“(T)he rising purchasing power of workers, the creation and spread of the welfare state and the proliferation of parliamentary democracies in a many countries (which) suggested far less inevitability than Marx had hoped for” can be seen as countervailing tendencies whether predicted or unpredicted. Of course, this can be bowdlerized philosophy or motivated political economy reasoning acting like an intellectually dishonest slippery eel and putting in qualifications AFTER the event… unless we can find some hypotheses related to these countervailing tendencies in Marx’s texts. If I get both really bored and really studious (a strange confluence of characteristics!) I may check Marx for these theses of countervailing tendencies. Or perhaps they are just magical unicorns I am too optimistically hoping to find? I think maybe not but I am not sure.

                Is it the case that any contention that, “the rising purchasing power of workers” is a continuous and open-ended truth which holds for whole of the capitalist era and will continue to hold, is itself too dogmatic a claim? Has it not already failed? Have not wages in the US stagnated and fallen, differentially compared to returns on capital since about 1980 and the advent of the neoliberal era? Could this not be seen as the re-establishment of the main tendency of the original law after the exhaustion of a countervailing tendency (Keynesian Welfarism) ?

                I have more thoughts but must leave it at that for now. If I am well off track or out of order from a CasP theory perspective, Jonathan and others need time to exercise right of reply rather than face an endless wall of text (gibberish?) from me. 🙂

                • This reply was modified 1 year, 5 months ago by Rowan Pryor.
                in reply to: Marx’s notion of alienation and CasP #246853
                Rowan Pryor
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                  • Total posts: 88

                  There are laws and there are tendencies. This might sound like a flippant reply intended to rescue Marx’s position. It is intended to rescue Marx’s position, somewhat, but it is not flippant. In a complex system with feedbacks, the operation of any law can be countervailed by opposing and feedback forces. The law then manifests as a tendency in the system, not as a unidirectional arrow of historical determinism. Dogmatic Marxists and (dare I say it) opponents looking for strawman arguments are equally likely to misinterpret the basic expression of a law (so-called) as a prediction that the real historical tendency of the entire system will be simple and unidirectional; in a word deterministic.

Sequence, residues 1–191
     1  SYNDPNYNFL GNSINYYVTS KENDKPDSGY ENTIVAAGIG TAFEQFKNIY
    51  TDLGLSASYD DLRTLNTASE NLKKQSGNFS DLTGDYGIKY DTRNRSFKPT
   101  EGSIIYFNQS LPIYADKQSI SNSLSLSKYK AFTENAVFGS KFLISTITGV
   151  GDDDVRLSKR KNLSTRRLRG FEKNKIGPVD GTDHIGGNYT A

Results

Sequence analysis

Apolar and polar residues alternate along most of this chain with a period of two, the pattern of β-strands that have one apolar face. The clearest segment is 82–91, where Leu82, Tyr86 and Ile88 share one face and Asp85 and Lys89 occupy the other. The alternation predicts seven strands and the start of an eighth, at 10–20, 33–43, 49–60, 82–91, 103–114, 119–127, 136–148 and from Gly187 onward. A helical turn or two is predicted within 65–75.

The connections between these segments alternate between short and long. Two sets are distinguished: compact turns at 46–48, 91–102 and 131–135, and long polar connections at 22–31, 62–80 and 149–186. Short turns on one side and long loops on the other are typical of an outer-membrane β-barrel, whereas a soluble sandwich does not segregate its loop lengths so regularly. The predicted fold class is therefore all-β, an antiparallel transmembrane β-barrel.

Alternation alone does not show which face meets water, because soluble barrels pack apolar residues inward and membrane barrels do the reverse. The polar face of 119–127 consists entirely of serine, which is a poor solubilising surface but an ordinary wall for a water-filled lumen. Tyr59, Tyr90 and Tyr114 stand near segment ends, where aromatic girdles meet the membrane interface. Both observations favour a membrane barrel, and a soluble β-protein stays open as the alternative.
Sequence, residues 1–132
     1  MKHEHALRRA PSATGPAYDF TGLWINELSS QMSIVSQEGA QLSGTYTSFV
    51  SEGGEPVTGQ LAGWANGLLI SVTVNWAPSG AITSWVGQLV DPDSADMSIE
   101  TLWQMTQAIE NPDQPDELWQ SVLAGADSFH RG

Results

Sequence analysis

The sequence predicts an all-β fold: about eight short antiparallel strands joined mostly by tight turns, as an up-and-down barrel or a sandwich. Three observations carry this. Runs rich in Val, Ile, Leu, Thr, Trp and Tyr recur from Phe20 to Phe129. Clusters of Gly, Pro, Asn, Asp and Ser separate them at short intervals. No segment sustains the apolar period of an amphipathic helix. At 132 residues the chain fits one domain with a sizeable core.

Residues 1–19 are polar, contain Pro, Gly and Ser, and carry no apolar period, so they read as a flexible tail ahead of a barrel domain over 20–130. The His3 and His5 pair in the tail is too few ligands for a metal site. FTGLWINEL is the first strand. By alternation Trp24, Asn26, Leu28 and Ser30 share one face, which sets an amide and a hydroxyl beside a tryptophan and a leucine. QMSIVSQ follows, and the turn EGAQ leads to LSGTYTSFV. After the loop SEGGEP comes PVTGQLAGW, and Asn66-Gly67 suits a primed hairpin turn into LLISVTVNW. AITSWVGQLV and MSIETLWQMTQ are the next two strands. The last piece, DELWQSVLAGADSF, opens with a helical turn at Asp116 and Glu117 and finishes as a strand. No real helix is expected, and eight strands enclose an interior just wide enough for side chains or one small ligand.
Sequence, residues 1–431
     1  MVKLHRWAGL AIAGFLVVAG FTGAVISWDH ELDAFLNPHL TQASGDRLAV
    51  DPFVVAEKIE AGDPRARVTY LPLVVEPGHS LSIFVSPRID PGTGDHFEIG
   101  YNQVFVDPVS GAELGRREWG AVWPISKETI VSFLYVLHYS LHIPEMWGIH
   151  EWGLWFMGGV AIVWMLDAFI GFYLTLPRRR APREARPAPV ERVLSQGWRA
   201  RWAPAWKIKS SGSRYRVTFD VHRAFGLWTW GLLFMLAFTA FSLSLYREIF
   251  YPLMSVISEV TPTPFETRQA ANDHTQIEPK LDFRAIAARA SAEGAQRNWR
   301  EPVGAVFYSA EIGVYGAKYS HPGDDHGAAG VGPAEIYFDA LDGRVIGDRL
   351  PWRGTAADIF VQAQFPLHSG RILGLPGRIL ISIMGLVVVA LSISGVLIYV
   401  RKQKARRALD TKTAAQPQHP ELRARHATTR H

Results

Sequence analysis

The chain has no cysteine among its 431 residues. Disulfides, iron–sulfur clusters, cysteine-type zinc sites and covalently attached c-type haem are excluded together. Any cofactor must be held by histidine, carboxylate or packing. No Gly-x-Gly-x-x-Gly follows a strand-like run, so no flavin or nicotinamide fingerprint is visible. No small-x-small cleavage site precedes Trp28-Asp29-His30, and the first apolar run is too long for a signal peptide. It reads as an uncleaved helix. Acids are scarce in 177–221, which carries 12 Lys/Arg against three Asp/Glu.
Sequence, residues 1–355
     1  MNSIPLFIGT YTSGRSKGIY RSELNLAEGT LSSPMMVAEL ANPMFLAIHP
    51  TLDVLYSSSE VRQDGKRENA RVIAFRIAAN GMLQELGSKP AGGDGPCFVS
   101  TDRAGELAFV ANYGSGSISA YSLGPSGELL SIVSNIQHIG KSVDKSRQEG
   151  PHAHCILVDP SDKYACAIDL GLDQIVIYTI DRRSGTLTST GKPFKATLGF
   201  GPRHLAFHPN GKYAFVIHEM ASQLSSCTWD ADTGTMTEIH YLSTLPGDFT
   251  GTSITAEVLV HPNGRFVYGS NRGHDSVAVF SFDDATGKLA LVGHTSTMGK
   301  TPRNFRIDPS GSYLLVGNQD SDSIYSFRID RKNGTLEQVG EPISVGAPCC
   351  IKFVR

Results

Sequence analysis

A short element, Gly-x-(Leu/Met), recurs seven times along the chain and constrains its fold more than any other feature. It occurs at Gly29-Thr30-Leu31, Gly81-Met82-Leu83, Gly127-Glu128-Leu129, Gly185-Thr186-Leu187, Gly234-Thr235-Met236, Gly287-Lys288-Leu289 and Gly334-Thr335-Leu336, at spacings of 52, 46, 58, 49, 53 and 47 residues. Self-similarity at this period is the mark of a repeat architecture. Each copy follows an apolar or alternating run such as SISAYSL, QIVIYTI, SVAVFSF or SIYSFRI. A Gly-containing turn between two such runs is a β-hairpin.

Of course, the whole issue of what a “Law” is, is fraught. What is meant in science by the term “Law” is a “Fundamental Scientific Law” of nature. What was meant, even in Marx’s time, generally was a mechanistic and deterministic Newtonian view of fundamental scientific law.  As a philosopher and political economist Marx was paradoxically attempting to both harness the uses of mechanistic law thinking (including causal determinism as an a priori principle and reductionism as a method) and yet to transcend such simple determinism in order to arrive at a material dialectic capable of deeper and more complex explanations and predictions. “Dialectical Materialism”, a term coined by Joseph Dietzgen, not Marx, is essentially a proto complex systems theory. This waswell before Karl Ludwig von Bertalanffy and general systems theory so Marx was a trail blazer, acknowledged or unacknowledged.

                  The issue of what a fundamental scientific law actually is cannot be ignored, especially from our modern perspective. A Fundamental Scientific Law is an expression of a relation (between two or more observable objects, forces or field values as variables) that is universal in all experimental observation thus far and invariant in manifestation under observation, to a standard of 5-sigma certainty, for the hard sciences. A Fundamental Scientific Law is a (useful) human artefact no less than a functional piece of pottery. This is not to denigrate or devalue either. Both a Fundamental Scientific Law and a pottery piece are made out of real stuff; their “shape” is cast from real stuff. In the case of the pot the shape is concrete (the material is fired clay to avoid any appearance of misstatement) and in the case of the Fundamental Scientific Law the “shape” is abstract and almost invariably mathematicised.

                  Hard science derives much of its theoretical and applied power from radical modelling simplification (reductionism if you like) of the systems it observes. This is clear even when we begin to look at the issue of the “three-body problem” or “n-body” problem after Newton had solved the two-body problem for us. The path of radical (and mechanistic) modelling simplification is not open to the honest philosopher nor to the honest social scientist of political economy. I will come back to that in this or my next post. Even hard science does not operate without a priori assumptions. This might seem an absurd or paradoxical claim but it is not and this reality does not prevent science making theoretical and practical advances. Indeed simplifying a priori assumptions assist the process.

                  Newton employed a number of a priori assumptions to develop his Newtonian mechanics. The central ones were the assumptions of;

                  (a) pure empty space;

                  (b) a universal inertial system; and

                  (c) the action of force over distance through pure empty space.